What started as a waterproofing and foundation repair company has expanded to include driveways, patios, piering and excavating. In 2003, The Basement Guys purchased Secrest Excavating, a company owned by Secrest's father, Bob, who now runs the excavation division.
"We were already his biggest customer, so it just made sense," Secrest says. "He didn't want to close the business, so this way we all get value from it."
By offering these additional services, the company has been able to do more work for past customers and expand its presence in the market, he says.
Besides bringing Bob Secrest onboard, the makeup of the company has also changed in other ways. Rehner sold his stake in the company to Secrest, but has stayed on board as the general manager and now runs the new Toledo office. Since then, Secrest's brother, Doug, has come in as installation manager and now owns half of the company.
One of the axioms of the construction business is that companies don't often go out of business because there's not enough work. The problem is managing that work. Often when companies grow quickly, quality suffers. Making sure that doesn't happen is a priority for The Basement Guys.
"We've worked very hard to put systems in place to establish a consistency of quality," Rehner says. "As long as people follow the system, we don't have any lapses in quality."
The company has its own specialized system for how they do every kind of work, Secrest says, so they prefer to hire people who do not have previous experience at another company.
"We don't want them coming in knowing some other way of doing it," he says. "It's easier to teach someone who doesn't know how to do the work than it is to undo the training they've gotten somewhere else."
Because they invest so much in systems and training, keeping employees is a priority. One advantage the company has over many contractors is that they are kept busy all year long, meaning no layoffs in the winter. When it's too cold to pour concrete, employees can be kept busy working on indoor waterproofing and repair projects.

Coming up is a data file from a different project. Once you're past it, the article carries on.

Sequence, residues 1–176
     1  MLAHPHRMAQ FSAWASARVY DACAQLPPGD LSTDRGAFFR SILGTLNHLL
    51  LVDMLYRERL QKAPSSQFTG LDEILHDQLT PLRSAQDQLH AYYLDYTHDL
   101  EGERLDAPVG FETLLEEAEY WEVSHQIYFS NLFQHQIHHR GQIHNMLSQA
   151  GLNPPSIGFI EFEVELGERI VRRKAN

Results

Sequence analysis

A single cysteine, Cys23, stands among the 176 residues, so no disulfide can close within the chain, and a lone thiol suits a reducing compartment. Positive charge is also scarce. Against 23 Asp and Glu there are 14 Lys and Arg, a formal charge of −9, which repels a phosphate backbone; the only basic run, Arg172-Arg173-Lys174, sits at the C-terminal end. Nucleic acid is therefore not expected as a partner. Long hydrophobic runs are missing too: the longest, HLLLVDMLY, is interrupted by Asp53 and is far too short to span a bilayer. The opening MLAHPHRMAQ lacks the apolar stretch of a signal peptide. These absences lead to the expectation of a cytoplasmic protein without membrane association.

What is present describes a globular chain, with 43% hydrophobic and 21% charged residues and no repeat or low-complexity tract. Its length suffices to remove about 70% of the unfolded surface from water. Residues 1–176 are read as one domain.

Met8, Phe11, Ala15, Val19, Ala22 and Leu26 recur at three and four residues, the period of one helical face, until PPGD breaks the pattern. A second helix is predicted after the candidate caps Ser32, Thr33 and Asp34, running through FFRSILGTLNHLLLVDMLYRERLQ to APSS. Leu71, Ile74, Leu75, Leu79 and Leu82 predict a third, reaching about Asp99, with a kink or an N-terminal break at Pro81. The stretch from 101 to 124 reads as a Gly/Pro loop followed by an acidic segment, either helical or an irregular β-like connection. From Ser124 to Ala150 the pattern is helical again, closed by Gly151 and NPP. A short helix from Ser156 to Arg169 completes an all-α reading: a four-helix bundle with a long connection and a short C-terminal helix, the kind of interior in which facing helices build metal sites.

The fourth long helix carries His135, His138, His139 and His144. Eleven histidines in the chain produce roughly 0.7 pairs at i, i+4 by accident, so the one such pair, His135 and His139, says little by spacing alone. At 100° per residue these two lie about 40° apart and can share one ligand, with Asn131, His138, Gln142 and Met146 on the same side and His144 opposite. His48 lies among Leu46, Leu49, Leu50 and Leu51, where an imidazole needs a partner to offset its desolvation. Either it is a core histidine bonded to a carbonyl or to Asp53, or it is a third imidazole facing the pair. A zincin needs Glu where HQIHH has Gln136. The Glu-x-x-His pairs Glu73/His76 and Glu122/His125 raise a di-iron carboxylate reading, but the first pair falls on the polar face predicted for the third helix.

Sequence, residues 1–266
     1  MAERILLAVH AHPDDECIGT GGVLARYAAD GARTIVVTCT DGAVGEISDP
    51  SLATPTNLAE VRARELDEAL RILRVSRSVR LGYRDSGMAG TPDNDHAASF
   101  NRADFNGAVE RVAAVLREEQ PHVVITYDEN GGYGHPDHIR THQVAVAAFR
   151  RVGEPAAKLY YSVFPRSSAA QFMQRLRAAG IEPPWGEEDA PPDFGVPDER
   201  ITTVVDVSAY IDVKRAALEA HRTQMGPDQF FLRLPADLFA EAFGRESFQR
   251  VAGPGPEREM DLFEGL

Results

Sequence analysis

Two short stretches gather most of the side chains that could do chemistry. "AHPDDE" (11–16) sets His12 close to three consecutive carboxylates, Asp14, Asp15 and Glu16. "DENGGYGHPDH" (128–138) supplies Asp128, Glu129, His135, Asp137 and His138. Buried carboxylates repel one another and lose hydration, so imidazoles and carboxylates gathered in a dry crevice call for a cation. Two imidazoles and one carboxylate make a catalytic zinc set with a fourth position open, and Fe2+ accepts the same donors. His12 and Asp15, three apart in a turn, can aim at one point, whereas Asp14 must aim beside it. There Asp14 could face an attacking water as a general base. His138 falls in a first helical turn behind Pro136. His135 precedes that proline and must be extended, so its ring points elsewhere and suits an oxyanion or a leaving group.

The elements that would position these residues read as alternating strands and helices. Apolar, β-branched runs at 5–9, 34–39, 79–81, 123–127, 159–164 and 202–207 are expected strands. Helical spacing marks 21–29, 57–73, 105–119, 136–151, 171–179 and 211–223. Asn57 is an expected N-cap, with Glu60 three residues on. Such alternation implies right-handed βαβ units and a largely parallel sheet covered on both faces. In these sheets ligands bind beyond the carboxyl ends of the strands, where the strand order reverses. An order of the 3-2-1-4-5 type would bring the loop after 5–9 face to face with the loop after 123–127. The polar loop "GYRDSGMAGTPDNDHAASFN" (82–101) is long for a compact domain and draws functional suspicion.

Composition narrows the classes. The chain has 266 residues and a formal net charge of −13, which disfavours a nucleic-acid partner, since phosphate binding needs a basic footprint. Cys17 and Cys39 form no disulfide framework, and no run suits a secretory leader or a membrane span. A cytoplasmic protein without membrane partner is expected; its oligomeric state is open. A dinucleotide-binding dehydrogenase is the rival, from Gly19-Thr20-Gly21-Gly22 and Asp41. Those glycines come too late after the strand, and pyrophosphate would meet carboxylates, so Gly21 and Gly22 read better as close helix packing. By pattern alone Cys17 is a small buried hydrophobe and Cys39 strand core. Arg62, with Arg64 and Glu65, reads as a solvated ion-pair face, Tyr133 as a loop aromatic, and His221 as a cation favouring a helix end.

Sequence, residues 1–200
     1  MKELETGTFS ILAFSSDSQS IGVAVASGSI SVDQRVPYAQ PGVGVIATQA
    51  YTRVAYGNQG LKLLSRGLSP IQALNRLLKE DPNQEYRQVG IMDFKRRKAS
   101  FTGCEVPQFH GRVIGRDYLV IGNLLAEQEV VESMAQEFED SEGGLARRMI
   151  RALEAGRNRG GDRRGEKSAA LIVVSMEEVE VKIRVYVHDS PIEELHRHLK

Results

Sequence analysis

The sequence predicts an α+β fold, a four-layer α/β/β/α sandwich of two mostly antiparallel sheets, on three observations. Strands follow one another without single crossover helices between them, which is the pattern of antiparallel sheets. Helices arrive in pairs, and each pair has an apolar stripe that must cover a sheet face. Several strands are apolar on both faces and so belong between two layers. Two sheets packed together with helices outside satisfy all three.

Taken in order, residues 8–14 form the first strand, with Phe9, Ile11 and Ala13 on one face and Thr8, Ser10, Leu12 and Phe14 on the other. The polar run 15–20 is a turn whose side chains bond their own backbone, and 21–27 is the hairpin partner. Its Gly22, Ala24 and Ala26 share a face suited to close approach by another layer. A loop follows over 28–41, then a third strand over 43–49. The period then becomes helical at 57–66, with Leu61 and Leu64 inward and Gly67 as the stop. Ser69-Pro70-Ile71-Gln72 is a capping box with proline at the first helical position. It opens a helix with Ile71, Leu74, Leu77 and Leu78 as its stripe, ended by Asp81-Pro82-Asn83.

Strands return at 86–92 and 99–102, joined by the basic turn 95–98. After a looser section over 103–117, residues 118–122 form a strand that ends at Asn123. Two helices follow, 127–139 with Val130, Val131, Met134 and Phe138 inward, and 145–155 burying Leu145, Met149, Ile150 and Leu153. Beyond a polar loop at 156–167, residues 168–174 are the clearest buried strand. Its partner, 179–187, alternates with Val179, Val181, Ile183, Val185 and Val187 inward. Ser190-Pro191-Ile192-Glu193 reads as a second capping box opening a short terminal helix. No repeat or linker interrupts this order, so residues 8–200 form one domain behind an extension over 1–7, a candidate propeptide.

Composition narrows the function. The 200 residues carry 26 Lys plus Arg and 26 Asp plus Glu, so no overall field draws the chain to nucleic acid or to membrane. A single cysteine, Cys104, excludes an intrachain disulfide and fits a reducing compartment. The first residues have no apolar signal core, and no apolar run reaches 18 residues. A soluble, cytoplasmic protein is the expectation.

"We keep our good employees because we have a good work environment," Secrest says. "We offer them the kind of things they can't find elsewhere, like health insurance and 401k."
Managing cash flow can also be an issue for many growing businesses, something Secrest and Rehner were quick to recognize.
"We know money is not our strongpoint," Secrest says. "So we brought in a very good CPA firm. They have audited us and told us where we're not making money."
By having a good knowledge of the dollars and cents, the company can keep a firm grasp on job costs.
"You have to know how much you need to make a profit," Rehner says. "It sounds obvious, but a lot of people just don't know. If you can't do it, hire a qualified person to handle it for you."
Once you know the costs of doing business, having a written business plan makes it easy to plan for future growth, Secrest says.
"When we're planning, we look at what is realistic based on past years' performance," he says. "We break it down based on number of jobs, leads and appointments.
"Because we know how many leads turn into appointments and how many appointments turn into jobs, we can figure out how much we have to spend in advertising and marketing."
The company has a two-year business plan, but they constantly revisit it to make sure it still makes sense.
"It's something you need to look at every day, every week, reading and rewriting as the year goes on," Rehner says.
As for the future, the company is at an important time in its growth, Secrest says.
"At this point, we have to decide if we're going to be one of the big fish in the industry," he says. "In the next five years, we should have enough locations to cover the entire state of Ohio."
Besides the Toledo office, the company plans to soon open a Cincinnati office and is looking at other markets for expansion in the region. And the company is in the process of moving out of its Columbus headquarters into a new 8,000 sq. ft. building with two acres of property.